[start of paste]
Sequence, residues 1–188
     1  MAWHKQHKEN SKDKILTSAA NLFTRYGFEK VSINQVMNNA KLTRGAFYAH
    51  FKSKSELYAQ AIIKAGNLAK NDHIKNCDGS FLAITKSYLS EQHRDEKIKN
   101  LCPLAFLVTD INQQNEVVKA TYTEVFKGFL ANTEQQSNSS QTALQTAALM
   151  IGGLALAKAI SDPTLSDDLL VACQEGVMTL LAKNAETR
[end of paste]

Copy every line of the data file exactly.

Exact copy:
Sequence, residues 1–188
     1  MAWHKQHKEN SKDKILTSAA NLFTRYGFEK VSINQVMNNA KLTRGAFYAH
    51  FKSKSELYAQ AIIKAGNLAK NDHIKNCDGS FLAITKSYLS EQHRDEKIKN
   101  LCPLAFLVTD INQQNEVVKA TYTEVFKGFL ANTEQQSNSS QTALQTAALM
   151  IGGLALAKAI SDPTLSDDLL VACQEGVMTL LAKNAETR